What you need to know about DACA

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(KWQC) President Donald Trump is expected to announce he will end protections for young immigrants who were brought into the country illegally as children and enrolled in the DACA program, following a six-month delay, according to the Associated Press.

The U.S. Citizenship and Immigration Services website says "DACA," or deferred action for childhood arrivals, is a program allowing certain eligible people who enter the United States as children to request consideration of deferred action for a period of two years, subject to renewal, and makes them eligible for work authorization.

USCIS says individuals who receive deferred action will not be placed into removal proceedings or removed from the United States for a specified period of time unless terminated.

Currently, those hoping to request DACA must meet a specific set of guidelines, including being under the age of 31 as of June 1, 2012, and they must have come to the United States before turning sixteen.

They must also be enrolled in school, have graduated or obtained a certificate of completion from high school, a GED certificate, or are an honorably discharged veteran of the Coast Guard or Armed Forces of the United States.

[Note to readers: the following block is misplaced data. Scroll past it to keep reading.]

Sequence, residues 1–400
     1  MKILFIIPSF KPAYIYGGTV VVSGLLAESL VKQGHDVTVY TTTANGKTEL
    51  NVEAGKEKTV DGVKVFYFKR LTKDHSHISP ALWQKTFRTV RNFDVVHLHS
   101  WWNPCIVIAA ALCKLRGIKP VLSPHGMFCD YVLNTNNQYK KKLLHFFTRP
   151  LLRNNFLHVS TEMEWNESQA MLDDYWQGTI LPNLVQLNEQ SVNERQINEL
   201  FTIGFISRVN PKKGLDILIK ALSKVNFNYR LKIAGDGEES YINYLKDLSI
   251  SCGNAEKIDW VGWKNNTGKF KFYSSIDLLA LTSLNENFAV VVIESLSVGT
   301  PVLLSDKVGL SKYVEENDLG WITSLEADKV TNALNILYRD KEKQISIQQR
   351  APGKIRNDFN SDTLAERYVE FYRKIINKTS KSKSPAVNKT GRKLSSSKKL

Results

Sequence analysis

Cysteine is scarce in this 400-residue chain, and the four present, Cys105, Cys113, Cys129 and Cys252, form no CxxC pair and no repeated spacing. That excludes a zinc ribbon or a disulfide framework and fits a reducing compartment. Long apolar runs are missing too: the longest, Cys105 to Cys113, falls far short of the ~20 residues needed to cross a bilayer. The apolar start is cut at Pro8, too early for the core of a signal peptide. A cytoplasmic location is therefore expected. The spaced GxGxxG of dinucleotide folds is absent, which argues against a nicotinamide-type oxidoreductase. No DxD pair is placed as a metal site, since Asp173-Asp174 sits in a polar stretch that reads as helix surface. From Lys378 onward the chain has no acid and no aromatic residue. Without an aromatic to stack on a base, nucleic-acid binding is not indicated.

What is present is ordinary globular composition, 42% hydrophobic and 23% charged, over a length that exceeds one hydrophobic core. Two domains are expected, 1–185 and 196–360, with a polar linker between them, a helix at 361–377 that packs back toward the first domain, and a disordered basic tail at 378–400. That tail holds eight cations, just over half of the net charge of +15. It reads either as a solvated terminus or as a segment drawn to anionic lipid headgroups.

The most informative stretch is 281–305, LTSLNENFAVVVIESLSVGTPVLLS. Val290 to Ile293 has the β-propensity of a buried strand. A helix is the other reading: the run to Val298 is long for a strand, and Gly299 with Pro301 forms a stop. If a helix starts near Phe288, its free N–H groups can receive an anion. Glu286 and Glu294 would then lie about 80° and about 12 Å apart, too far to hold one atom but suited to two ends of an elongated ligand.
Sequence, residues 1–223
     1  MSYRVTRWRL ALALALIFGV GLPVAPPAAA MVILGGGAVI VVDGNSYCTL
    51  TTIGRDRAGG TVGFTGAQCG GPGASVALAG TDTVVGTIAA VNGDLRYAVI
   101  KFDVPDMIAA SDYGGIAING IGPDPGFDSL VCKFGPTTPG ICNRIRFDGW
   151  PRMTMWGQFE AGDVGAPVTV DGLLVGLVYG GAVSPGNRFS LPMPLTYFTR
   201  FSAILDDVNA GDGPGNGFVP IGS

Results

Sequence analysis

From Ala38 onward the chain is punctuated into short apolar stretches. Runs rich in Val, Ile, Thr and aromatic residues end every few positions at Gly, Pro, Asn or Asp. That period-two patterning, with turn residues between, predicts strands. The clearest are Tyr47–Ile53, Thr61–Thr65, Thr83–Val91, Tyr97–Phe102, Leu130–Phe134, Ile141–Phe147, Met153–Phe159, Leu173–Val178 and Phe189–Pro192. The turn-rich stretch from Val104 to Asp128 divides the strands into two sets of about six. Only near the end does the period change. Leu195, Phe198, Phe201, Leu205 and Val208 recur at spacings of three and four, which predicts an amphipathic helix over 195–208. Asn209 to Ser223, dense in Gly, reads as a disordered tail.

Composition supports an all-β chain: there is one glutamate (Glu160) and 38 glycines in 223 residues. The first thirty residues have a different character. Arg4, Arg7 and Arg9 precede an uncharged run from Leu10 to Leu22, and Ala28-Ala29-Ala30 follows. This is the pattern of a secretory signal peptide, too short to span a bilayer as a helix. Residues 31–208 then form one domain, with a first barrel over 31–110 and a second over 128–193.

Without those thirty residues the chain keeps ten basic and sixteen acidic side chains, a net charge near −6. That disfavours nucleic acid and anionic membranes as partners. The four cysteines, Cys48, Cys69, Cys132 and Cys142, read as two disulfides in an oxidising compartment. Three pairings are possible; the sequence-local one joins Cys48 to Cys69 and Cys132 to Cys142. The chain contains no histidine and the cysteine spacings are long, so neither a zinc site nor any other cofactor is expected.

They cannot be convicted of a felony, significant misdemeanor, or three or more other misdemeanors, and do not otherwise pose a threat to national security or public safety.

USCIS says it receives and adjudicates approximately 6 million petitions and applications annually from individuals and employers.

USCIS documents show, as of March 31, 2017, 787,580 people have been approved for the DACA program since it began, with Mexico as the biggest country of origin, followed by El Salvador, Guatemala, and Honduras.

The agency also shows, as of the same reporting period, California has accepted the most DACA applicants, followed by Texas and New York.

Illinois has accepted 45,663 DACA applicants, the fourth most in the nation.

Iowa has accepted 3,131, ranking 37th in the nation.

For more information on DACA and immigration and citizenship data, please see the attached links.